The warden who was also a prisoner

Posted by Julian De Martinis

Daniele De Rossi GettyImagesDaniele De Rossi could be Roma's saviour or its nemesis

The image of Daniele De Rossi that presents itself in my head when I think of the man remains the 2006 World Cup, where he almost literally stamped his authority on the pitch, turning a cliche into a veritable act. From the ignominy of being sent off after elbowing Brian McBride, the resulting suspension until the final, to an ending with a penalty kick scored in the dramatic win over France. That was his World Cup as much as it was Marco Materazzi's. The celebrations! The glorious, glorious celebrations.

The cynic may suggest this is an issue: 12 years at the club I support and the enduring image is him on the Italian national team.

When De Rossi rejected Manchester City's advances last summer, it was heralded as a bold support of loyalty in an era dominated by money. Oddly enough, it was merely six months after he signed a five-year contract extension that guaranteed him to be the highest paid player at Roma. Certainly, Roberto Mancini's side would have been able to easily increase his stipend, but the decision was hardly as dramatic as it was made out to sound. The club had no reason to sell their star player, coming off of a very good season under Luis Enrique and just after he shone equally brightly for Cesare Prandelli in the Euros for Italy. The new owners have made it very clear, after all, that cash is not the side's issue. No, the issue is building a team to win trophies and to become one of the biggest in Europe, and selling the star midfielder at a high point would thus be counterintuitive.

The Roman's career has been punctuated by long spells of dips in form in between monstrous months in the midfield. External circumstances tended to coincide with his poorer runs, with massive issues like a divorce and a custody battle clearly affecting what happened on the pitch. Understandably so. Most fans realised that personal life issues can't merely be tuned out for ninety minutes once a week, and thus were willing to cut him some slack. After all, it's Daniele De Rossi! Capitano Futuro! The midfield general who rose through the ranks, Roman through and through, a primavera player turned World Cup winner. The difference between Roma and many other clubs is that the likes of De Rossi, Francesco Totti, and Alessandro Florenzi are brought up through the youth system and stay at the club for their whole careers. Talent is not only bought, but also raised - and not just any old talent, but genuinely world class stars, even, at times.

Here come the despites. Despite the contract, despite the Roman status, despite all that he represents - Roma the brilliant and Roma the disappointing - the De Rossi situation isn't yet settled. By the age of thirty, a sense lingers that this really should have been settled by now. After twelve years of playing for the senior side, tifosi should know Daniele through and through and the reverse should also be true. If anything, these should be the golden years of his time at Roma; surely, not many players can locate and drink from the Fountain of Youth as well as and for as long as Totti has been. For a central defensive midfielder, thirty is unfortunately the point at which more of one's career is behind him then ahead of him.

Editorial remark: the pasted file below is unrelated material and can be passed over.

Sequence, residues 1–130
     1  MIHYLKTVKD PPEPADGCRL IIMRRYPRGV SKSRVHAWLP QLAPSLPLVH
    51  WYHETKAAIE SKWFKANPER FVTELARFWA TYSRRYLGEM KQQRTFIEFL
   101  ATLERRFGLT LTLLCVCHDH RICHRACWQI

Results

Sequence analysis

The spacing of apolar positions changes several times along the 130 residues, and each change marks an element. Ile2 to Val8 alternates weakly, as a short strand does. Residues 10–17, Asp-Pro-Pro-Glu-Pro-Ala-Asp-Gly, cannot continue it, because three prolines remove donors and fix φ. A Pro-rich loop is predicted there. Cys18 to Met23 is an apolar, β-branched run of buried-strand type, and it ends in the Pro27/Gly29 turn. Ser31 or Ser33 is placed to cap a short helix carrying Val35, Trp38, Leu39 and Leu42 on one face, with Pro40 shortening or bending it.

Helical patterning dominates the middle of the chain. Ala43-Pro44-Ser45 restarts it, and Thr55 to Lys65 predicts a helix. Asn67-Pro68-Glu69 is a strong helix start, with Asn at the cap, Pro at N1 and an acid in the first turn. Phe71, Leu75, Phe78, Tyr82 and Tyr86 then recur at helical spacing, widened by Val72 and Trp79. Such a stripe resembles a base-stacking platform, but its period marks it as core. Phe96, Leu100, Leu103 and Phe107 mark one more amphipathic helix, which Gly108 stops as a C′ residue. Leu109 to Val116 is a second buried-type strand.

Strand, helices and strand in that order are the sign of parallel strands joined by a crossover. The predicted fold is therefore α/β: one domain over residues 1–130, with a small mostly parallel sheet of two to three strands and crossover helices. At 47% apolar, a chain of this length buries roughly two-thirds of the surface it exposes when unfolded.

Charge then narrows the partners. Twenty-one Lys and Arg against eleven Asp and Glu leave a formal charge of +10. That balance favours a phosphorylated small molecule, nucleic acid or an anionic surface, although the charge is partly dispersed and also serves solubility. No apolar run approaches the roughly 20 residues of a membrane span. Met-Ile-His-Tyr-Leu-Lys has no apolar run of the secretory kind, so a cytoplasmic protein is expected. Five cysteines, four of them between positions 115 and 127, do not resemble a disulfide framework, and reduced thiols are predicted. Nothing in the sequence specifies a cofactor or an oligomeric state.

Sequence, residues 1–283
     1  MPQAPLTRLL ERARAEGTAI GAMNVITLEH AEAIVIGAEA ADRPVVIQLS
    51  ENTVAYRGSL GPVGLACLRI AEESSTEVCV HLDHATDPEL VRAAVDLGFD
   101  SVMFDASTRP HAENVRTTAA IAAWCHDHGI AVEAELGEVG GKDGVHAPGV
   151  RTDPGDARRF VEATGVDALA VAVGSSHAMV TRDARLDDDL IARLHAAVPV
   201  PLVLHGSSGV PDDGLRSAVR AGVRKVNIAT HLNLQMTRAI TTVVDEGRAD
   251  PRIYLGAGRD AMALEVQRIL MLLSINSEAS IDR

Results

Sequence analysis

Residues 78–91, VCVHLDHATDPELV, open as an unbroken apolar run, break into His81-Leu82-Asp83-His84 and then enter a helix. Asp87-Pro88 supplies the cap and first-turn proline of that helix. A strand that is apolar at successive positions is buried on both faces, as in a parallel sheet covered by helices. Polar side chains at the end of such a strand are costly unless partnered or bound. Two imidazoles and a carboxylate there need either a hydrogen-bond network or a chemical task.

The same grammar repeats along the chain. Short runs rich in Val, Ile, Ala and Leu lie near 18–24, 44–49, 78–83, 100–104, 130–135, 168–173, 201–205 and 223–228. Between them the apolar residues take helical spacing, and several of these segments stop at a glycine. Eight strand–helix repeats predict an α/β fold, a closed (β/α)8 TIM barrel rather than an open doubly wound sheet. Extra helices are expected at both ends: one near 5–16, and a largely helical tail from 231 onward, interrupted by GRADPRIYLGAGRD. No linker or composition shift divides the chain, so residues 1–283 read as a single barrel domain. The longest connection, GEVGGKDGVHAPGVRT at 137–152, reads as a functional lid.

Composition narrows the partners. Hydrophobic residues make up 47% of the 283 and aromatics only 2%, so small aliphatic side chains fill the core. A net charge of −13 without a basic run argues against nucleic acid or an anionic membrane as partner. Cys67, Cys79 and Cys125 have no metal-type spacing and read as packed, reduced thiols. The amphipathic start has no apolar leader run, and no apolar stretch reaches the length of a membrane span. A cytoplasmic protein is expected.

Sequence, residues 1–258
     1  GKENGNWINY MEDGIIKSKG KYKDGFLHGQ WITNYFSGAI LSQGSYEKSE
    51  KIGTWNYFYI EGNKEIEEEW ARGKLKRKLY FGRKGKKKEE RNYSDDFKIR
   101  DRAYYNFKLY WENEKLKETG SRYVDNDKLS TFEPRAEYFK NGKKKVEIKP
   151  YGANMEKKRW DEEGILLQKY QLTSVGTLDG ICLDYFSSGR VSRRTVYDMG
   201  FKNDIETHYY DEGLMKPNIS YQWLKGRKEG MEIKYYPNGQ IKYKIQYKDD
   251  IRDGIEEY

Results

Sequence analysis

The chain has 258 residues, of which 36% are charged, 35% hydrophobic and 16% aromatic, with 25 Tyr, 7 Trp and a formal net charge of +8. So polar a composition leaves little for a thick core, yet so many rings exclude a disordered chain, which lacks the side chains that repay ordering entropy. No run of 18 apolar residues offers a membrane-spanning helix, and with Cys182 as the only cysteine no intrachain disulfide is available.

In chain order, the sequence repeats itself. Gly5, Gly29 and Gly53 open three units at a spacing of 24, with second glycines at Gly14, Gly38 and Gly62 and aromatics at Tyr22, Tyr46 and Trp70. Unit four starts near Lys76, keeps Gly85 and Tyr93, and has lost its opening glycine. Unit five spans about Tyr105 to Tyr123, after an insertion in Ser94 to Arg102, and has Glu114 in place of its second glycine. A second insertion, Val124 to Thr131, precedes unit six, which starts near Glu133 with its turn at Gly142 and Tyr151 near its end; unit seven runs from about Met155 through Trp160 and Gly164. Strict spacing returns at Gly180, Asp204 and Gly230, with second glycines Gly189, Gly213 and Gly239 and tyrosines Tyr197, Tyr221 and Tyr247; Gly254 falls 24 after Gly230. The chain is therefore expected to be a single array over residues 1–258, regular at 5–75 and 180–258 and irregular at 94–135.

Instead of a closed case where one would see De Rossi staying at Roma, putting in dominating showings in the heart of the park, leading the side to trophies ... there's a nagging question that keeps emerging from some sections of the tifosi. Yes, yes, he was a great player - but is he still, really? Has he forgotten that he shone brightest as a defensive midfielder and not as a regista? Does he no longer care about shielding the back as much as he does trying to set up the offense? If another big offer comes this summer, can the club afford to say no to massive money for someone who will be thirty in July?

There is no easy answer. Daniele De Rossi, for me, epitomises Roma: when he/it works, he/it works gloriously, and when he/it doesn't, he/it's infuriating. In my humblest of opinions, De Rossi non si tocca; and not because I firmly believe him to be the best midfielder in the world - which I don't - but because of what he represents. Crucial to Roma's identity, first and foremost, is Francesco Totti. Of that, there's no denying. But what would be second? What player sums up the beautiful play, the near misses, the agonizing defeats that have been a staple of this side for the past twelve years? What player better than the man who was often at the heart of it all - for better and for worse?

With the proper coaching, I don't see why De Rossi cannot return to the glorious heights that he once reached. After all, Luis Enrique was able to get the best out of him, and his play for Italy under Prandelli has similarly been very, very good. It would be simplistic to reduce the solution to "find the right coach, dummy" but there's definitely a sense that certain coaches are able to bring the best out of Daniele.

That, of course, is also part of the problem.

An icon, a figure of passion, a staple of the side, a dominating warrior. He's a symbol of the side's biggest Achilles' Heel, a man who plays only where he wants to, a player who seems to forget what his role is, a leader only in name only. In one universe, he's the answer to Roma's problems; in another, he is the cause.

Is it worth excising the soul in a bid to save the body?

He's a conundrum. He's Roma's conundrum - exacerbated by the fact that he's also a Roman conundrum - but a conundrum nevertheless.

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